Chicago was the site for the centennial celebration of this event with the 1993 Parliament of the World’s Religions, held in August of that year. Subsequent Parliament events have been held in Cape Town, South Africa in 1999, Barcelona, Spain in 2004, and most recently, Melbourne, Australia in 2009.

Parliaments of the World’s Religions are the largest and most diverse interreligious gatherings in the world. 6,500 participants from over 80 countries representing over 200 religious, spiritual and traditional communities attended the most recent Parliament in Melbourne.

The Council is also establishing a network of locally based interreligious movements in over 70 cities worldwide.

The Council is governed by a board of 35 Trustees, with persons of Baha’i, Buddhist, Christian, Jain, Jewish, Hindu, Indigenous, Pagan, Sikh, Zoroastrian, and humanistic traditions.

BRIEF BIOS OF NEW TRUSTEES
COUNCIL FOR A PARLIAMENT OF THE WORLD’S RELIGIONS

Elected October 2010

Ms. Anju Bhargava (Hindu)

Anju Bhargava is a Strategic Business Transformation and Risk Management professional and management consultant. She has provided thought leadership in the public and private sectors, published papers and received many awards.  She is the only Hindu American appointed to President Obama’s Inaugural Advisory Council on Faith Based and Neighborhood Partnerships and was the only Indian-American to serve in the Community Builder Fellowship, President Clinton’s White House initiative.  She is the Founder of Hindu American Seva Charities, which is now a national movement for Hindu faith-based community service programs addressing social issues.  For more than twenty years she has been a Hindu representative to the Interfaith Clergy Association of Livingston, New Jersey.  An ordained pujari, she strives to combine philosophy and practice from a contemporary view and is active in Hindu education. She blogs “On Faith” for the Washington Post.  She was a founding member of the New Jersey Corporate Diversity Network and is the President of Asian Indian Women in America (AIWA).

Mr. Kirit Daftary (Jain)

Kirit C. Daftary is a leader in the North American Jain community and is active in a number of organizations including the Jain Association of North America (JAINA) which he has served as president and the local Jain Center of North Texas of which he has also been the head.  Currently, he is the President of Anuvibha of North America, a UN/NGO organization based in India and spiritually guided by Acharya Mahapragya Ji, the disciple of Acharya Tulsi. Kirit has a passion for the message of non-violence and the promotion of peace and harmony and is a frequent speaker including at universities. Since 2006, he has been associated with Parliament activities and was an Ambassador of the 2009 Parliament as well as active in the site selection process for 2009. He is a metallurgical engineer and received and M.B.A. and an M.A. from Wayne State University. He currently owns a successful import company dealing with India, China and Korea.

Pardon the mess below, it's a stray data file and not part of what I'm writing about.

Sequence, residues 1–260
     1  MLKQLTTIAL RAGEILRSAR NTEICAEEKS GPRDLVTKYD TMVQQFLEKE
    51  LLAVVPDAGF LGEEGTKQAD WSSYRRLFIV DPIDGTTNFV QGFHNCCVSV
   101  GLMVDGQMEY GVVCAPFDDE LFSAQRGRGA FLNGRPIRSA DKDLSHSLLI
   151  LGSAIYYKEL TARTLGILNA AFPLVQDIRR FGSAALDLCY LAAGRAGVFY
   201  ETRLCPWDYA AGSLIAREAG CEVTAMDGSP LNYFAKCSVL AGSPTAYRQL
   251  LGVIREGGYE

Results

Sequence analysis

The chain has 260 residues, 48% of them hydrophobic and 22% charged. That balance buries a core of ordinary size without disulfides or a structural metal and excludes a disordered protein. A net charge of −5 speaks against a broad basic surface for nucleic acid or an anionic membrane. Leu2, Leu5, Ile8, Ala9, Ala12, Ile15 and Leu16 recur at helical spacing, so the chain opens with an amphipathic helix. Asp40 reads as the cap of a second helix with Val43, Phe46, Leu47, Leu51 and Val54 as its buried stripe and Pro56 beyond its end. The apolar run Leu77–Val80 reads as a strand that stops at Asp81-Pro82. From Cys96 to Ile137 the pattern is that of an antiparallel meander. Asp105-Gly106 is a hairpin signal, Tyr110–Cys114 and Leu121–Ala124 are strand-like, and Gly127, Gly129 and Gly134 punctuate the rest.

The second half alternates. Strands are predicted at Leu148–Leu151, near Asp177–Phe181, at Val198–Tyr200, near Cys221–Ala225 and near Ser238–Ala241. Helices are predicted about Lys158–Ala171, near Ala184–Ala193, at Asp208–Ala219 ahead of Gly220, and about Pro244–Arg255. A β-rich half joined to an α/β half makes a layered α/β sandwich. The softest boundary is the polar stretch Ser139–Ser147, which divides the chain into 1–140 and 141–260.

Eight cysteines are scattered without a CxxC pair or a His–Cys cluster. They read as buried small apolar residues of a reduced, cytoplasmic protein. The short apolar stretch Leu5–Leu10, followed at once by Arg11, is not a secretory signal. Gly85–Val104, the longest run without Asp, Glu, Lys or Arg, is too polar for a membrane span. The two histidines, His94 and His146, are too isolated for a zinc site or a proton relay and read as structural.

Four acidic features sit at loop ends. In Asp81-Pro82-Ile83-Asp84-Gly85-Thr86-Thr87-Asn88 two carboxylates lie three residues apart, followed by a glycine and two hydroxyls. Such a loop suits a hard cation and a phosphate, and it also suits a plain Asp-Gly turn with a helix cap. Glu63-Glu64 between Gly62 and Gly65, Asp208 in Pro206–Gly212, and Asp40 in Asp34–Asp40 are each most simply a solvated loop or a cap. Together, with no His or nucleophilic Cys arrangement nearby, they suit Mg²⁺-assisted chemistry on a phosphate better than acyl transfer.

Dr. Robert C. Henderson (Bahá’i)

Robert C. Henderson is a member of the National Spiritual Assembly of the Bahá’ís of the United States, the national governing body of the American Bahá’í community. He has extensive experience in the fields of business, government, and education. He co-founded Henderson Zorich Consulting, which specializes in management consulting and leadership and diversity training, with his daughter, Dr. Camille Henderson. His clients have included such Fortune 100 companies as Amoco, AT&T, General Electric, Hallmark, Mobil, United Technologies, and Xerox, as well as the Chicago White Sox. Dr. Henderson served as a Federal Commissioner of the Martin Luther King, Jr. Federal Holiday Commission and designed and led meetings of California Supreme Court members, judges and lawyers to establish a California State Supreme Court Commission on Race and Ethnic Bias.  Dr. Henderson’s public speaking engagements are numerous; highlights include a plenary address given at the invitation of the United States Agency for International Development (USAID) to the international conference, “Educating Girls: A Development Imperative,” and an address to an “Education Against Hatred” Seminar at Haifa University sponsored by the Elie Wiesel Foundation for Humanity.  He was invited by President Clinton’s Advisory Board on Race to participate in the religious forum held in Louisville, Kentucky. Robert Henderson holds a doctorate in Education from the University of Massachusetts (1976).  He has published several articles and books on management systems and in-service training programs.

Ms. Mary Nelson (Christian – Lutheran)

Mary Nelson has spent the last forty years working in faith-based community development on the west side of Chicago, seeking to carry out the asset based community development principles in concrete ways through her leadership of Bethel New Life, Inc.  She received an MAT from Brown University and a PhD from Union Graduate School.  Her focus has been community based planning and development, and Bethel New Life, under her leadership, grew from an all-volunteer organization to a nationally recognized community development corporation. Mary transitioned in 2006 from the leadership of Bethel New Life into a senior associate/President Emeritus position. She is former chair of the Board of Mid American Leadership Foundation, Woodstock Institute and National Congress for Community Economic Development. She is on the national Boards of Sojourners (currently as Chair) and Christian Community Development Association.  She has also had a number of government appointments.  Mary has been teaching graduate university courses for over fifteen years and does workshops on community development and faith based community development all over the world.  She is currently the coordinator of the Loyola University (Chicago) Institute of Pastoral Studies (IPS) Masters in Social Justice and Community Development.

Mr. Christopher Peters (Native American)